I very much appreciate your comments and the above one in particular. As far as our dependence on foreign oil for our energy needs is concerned, I would hope that we would follow the Western and, even more so, the Northern European examples and work towards independent energy sources and, just as important, renewable ones.
You are right that market forces play into this but with oil prices increasing rapidly, there should be an incentive to find and finance alternative energy.
I, for one, cannot understand how new developments are going up that do not take advantage of solar energy or other types of alternative energy sources.
As much as I appreciate the workings of the free market-place, I also believe that there are collective societal interests that must be pushed even at the expense of financial market interests.

Eric Chen

Professor Nacos,

I believe, ultimately, the market will be the key driver of change. However, the price of oil will have to become much higher for that to happen, because in our current industrialized civilized world, the consumption of petroleum-based products and fuel have become intrinsic in our lives, expectations, and ideas of progress. (Eg, go to a modern hospital and check out what materials and how much energy is used.) Oil isn't a choice - it's a staple. Weaning ourselves from oil would be like weaning recently past civilizations from wood. Right now, the only energy sources that come close to matching oil are nuclear energy and possibly coal.

I support the liberal premises of the Bush Administration's strategy in the War on Terror. At the same time, I've always understood that our 20th-21st century intervention in the Middle East, with the exception of our support for Israel, has been largely based on the strategic and global economic importance of the region's oil supply. With civilization set up the way it is, oil is actually one of the more sensible reasons to deploy our military; stability and favorable relations in that part of the world matter to us a lot.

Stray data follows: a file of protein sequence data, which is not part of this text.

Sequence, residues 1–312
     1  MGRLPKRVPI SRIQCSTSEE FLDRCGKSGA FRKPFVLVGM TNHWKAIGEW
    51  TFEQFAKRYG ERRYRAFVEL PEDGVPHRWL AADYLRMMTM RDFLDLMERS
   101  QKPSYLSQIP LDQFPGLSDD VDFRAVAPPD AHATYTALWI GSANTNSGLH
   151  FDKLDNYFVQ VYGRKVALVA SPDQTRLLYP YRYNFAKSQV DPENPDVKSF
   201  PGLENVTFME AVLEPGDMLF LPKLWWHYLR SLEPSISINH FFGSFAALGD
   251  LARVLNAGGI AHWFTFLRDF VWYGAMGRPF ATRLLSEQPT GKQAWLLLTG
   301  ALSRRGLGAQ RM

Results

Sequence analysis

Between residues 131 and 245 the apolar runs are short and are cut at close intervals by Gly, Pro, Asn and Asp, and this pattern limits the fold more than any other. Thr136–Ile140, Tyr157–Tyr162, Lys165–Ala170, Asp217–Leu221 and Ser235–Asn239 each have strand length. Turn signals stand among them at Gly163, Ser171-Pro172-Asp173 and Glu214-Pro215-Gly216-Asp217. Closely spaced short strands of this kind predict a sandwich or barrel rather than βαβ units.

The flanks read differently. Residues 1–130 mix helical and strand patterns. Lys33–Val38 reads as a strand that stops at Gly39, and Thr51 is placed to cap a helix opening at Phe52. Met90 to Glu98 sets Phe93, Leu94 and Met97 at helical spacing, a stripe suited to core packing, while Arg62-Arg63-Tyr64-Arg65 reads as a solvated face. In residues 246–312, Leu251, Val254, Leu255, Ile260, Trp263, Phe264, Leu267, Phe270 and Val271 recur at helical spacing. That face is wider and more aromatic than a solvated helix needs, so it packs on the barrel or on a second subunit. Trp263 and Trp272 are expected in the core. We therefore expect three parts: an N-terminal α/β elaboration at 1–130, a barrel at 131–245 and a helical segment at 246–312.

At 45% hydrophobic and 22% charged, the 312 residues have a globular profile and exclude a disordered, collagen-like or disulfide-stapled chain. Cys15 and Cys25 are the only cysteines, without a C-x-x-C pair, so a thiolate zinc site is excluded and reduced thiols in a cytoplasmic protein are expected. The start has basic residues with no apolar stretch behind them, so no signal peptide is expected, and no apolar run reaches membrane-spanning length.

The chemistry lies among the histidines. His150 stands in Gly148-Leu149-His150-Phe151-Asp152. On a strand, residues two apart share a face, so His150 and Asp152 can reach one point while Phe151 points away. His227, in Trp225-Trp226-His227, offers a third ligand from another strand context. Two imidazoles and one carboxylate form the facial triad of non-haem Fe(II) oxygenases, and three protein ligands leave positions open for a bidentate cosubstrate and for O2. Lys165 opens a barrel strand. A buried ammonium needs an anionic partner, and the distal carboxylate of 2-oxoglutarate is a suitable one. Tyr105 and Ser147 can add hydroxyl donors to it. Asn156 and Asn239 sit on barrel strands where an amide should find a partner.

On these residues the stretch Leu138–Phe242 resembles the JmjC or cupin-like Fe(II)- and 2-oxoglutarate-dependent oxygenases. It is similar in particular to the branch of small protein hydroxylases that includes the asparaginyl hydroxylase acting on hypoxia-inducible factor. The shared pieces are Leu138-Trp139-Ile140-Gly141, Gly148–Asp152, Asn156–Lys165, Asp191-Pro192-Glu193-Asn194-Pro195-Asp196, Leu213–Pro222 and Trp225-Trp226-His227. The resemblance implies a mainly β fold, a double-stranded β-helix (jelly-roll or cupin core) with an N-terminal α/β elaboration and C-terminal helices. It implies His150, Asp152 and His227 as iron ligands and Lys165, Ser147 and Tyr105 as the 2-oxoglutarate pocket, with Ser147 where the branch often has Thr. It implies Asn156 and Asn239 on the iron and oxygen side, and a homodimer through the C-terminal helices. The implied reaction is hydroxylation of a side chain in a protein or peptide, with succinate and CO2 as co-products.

The difference is that before 9/11, we sought stability in the Middle East through realism. Realism failed us and on 9/11, President Bush converted to liberalism. Now, we're attempting to build a liberal peace rather than settle for the same realist compromises that contributed to so much harm.

I wonder, if we aggressively try to become independent of oil while our global competitors stay on oil, how will that affect our economy's standing in a competitive global market?

Brigitte

Yes. But we ought not to accept the status quo and rather try to mobilize people--young people in the first place--, to do what is right. We cannot wait for politicians to solve problems, nothing will change.
I am so impressed with the anti-FARC mass demonstrations I mentioned above. This mechanism needs to be explored for other good causes--and apart from election campaigns.

Tony

Hi Brigitte. I could go on for hours on this subject, but basically, people just don't want to exercise any self-restraint. They have been conditioned to refer ALL problems and irritations to their gov't. More later, Tony